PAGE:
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5 Ways to Avoid Overspending this Christmas

 

It’s beginning to look a lot like Christmas… And doesn't our bank balance know it!

 

Step into (what’s left of) the high-street and you’ll see that many of the shops have already whacked up a tree and some fairy lights, have Mariah playing on repeat and are encouraging you to start your Christmas shopping now. 

 

You may be feeling a little bah-humbug about the whole thing, but starting to think about the cost of Christmas now, or even earlier, will be your first step in avoiding Christmas debt. 

 

How can you avoid going into debt this Christmas?

 

 Two brown parcels are tied up with red string and dusted with snow.

 

In January, Londoners started the new year with £955 of post-Christmas credit card debt. And with the average brit planning on spending around £800 on Christmas this year, it’s imperative you stay in control of your finances. 

 

Take a look at our tips on how to avoid overspending this Christmas.

 

Create a ‘Christmas Budget’

 

If you’re only going to do one thing, let this one thing be the one. 

 

It doesn’t matter whether it’s December or March, you need to sit down and evaluate how much money you have and how much you’re able to set aside for additional Christmas expenses. 

 

Secret Santa, mince pies, mulled wine and the inevitable new outfit for the Christmas party. It all starts to add up. 

 

If you’re with the national average and you’re looking to spend around £800 on Christmas, you need to figure out where that £800 is going to come from. The sooner, the better. 

 

Think outside the gift-box

 

As Kanye once rapped, my presence is a present. 

 

And although that might be a little bit narcissistic to claim on Christmas morning, it’s worth having a conversation with friends and family as to whether it’s necessary to buy gifts for each other this year. 

 

Simply finding opportunities to spend time together could be enough. 

 

Or you could go one further and plan an experience or trip for you and your loved ones to take in the future (which conveniently delays the payment until later in the year so you can spread out the cost).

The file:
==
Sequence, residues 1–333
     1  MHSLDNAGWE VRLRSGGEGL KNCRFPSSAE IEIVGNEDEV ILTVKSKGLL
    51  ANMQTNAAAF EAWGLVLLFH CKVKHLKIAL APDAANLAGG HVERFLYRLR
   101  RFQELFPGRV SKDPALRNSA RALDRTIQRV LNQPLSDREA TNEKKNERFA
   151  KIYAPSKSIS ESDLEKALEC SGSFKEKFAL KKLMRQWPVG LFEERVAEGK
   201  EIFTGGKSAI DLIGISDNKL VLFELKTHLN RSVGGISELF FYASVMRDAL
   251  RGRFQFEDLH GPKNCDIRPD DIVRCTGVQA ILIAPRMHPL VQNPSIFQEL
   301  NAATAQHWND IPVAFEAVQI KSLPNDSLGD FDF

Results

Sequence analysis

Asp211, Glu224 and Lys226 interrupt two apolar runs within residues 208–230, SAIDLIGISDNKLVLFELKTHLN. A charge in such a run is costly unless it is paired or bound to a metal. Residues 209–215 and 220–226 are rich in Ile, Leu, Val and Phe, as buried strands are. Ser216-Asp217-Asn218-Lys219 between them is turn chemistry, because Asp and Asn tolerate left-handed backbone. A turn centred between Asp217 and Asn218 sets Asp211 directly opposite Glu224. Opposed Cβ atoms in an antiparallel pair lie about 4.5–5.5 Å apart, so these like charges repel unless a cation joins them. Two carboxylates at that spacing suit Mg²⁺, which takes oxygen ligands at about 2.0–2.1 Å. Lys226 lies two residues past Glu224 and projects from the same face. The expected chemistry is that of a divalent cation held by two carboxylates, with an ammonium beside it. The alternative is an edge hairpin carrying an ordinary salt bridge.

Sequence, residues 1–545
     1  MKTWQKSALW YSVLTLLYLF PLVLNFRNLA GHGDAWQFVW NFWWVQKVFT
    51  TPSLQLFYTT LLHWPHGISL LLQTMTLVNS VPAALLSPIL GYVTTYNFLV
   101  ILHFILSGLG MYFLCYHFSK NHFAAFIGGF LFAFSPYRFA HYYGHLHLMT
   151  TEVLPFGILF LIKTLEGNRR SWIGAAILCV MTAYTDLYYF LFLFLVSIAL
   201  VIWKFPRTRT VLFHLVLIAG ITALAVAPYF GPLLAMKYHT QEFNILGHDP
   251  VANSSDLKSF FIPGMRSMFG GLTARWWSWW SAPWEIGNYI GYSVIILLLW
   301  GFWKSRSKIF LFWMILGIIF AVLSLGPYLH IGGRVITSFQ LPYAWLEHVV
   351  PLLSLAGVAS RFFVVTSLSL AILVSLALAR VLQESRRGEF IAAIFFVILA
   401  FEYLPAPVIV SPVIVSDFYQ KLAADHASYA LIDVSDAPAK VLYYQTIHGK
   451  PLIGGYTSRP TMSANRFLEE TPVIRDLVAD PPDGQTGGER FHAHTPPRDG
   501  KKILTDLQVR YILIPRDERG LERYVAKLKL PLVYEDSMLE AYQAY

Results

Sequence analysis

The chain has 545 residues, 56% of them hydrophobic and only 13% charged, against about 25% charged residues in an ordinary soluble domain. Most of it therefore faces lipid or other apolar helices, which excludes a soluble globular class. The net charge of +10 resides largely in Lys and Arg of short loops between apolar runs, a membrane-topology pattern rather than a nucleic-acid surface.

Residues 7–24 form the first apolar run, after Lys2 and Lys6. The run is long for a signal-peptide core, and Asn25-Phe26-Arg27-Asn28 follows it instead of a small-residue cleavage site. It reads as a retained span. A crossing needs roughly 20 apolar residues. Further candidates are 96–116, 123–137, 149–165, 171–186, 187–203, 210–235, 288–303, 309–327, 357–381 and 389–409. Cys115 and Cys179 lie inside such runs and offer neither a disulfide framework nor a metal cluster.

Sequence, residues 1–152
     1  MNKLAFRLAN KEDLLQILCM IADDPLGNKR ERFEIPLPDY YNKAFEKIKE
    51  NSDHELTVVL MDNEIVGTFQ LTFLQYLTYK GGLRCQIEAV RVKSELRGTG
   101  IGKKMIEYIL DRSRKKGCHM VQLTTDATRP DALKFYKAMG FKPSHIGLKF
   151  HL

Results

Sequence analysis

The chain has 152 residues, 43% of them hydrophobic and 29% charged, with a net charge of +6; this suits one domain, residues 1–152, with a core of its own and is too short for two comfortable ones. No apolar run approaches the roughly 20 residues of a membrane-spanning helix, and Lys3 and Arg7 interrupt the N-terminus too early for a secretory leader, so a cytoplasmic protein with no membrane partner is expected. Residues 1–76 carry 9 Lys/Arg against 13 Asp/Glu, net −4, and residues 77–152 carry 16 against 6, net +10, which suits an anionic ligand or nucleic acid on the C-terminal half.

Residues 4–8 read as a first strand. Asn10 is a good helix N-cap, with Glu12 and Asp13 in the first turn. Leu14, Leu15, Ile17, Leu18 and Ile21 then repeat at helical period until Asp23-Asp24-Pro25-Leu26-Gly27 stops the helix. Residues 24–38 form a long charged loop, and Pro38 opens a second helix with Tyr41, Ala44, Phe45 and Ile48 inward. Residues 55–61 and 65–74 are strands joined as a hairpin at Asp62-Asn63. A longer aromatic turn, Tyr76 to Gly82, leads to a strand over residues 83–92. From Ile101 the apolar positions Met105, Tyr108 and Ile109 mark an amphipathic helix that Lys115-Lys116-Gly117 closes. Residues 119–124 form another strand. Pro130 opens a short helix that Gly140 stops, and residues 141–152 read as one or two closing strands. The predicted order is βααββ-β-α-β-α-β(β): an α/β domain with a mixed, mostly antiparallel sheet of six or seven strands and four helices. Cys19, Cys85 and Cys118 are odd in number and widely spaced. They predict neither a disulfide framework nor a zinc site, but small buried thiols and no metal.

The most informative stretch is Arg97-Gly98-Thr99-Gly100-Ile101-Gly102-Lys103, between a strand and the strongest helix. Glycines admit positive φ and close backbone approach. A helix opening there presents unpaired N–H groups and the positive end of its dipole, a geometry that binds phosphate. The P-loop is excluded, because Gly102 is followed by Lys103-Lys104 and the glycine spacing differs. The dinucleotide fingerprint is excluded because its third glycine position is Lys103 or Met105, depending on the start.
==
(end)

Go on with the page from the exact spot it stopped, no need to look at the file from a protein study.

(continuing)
Home-made objects are also a lovely gift idea. Especially if they can be eaten. Or drunk… Sloe gin anyone? It’s time to get crafty for Christmas. 

 

A tray of Christmas Tree shaped cookie batter is waiting to be cooked. There are cookie cutter tools, a rolling pin and more cookie batter around the tray.

 

Consider how you’re going to pay for Christmas 

 

If you’re already faced with mounting high-interest debts, chances are Christmas isn’t going to help the situation. And realistically, you’re not going to miss out on the merriment to try and fix it all in one month.

 

But you can free up some of your monthly pay-cheque by streamlining your debts through refinancing or debt consolidation. 

 

Instead of sectioning off a large portion of your wage to pay back multiple high-interest loans that are costing you more over time, use our loan-calculator to see if we can help improve your quality of life. 

 

37% of Britons put all of their Christmas gifts on credit cards last year. This will cost you more in the long run, especially as the average credit card purchase APR rose to 24.7%. 

 

Using credit may seem like the least disruptive financial decision at the time, but the interest you have to pay back could affect you long into the new year. 

 

Again, refer to our first point! The sooner you budget, the less likely you are to rely on credit to have a Merry Christmas. 

 

Avoid buying for yourself 

 

Christmas. The ultimate season of Treat Yo’Self!

 

Last year, 51% of Christmas shoppers bought for themselves too. With 40% of those purchases going on new clothes for the festive season.

 

Christmas shoppers walk down a British high street whilst it is snowing.

 

Be thrifty, dig deep in that wardrobe to dig out an outfit from years’ past. Guaranteed people from the office won’t remember or care that you wore to last year’s Christmas party. 

 

If you want that ‘new dress, new you’ feeling, you’re better off waiting for the Boxing Day sales. 

 

Be strategic with purchases 

 

Much like waiting for the Boxing Day sales to buy a nice new outfit, it’s important to be strategic about the timing of your gift purchases. 

 

With the UK seemingly adopting Black Friday and Cyber Monday without actually acknowledging the Thanksgiving part - hooray for capitalism - there’s plenty of pre-Christmas sales to get your gifts at a discounted price. 

 

Everyone’s Nana is gonna love shouting at the Amazon Echo dot on Christmas morning because it was next-to-nothing in the Cyber Monday Sales. 

 

Find a second source of income 

 

Christmas is always going to be expensive. But it’s inevitable and mostly unavoidable. 

 

If your finances can’t stomach the extra costs, and you desperately want to stay out of debt, then look for a second source of income to make those Christmas costs easier to swallow. 

 

Whether that means selling your unwanted to possessions, starting up a side hustle or picking up a few extra shifts, having another income that is purely to cover Christmas costs is going to help you keep the balance. 

 

And as we all know, Christmas is chaos. So allow yourself a little more balance this festive season.

 

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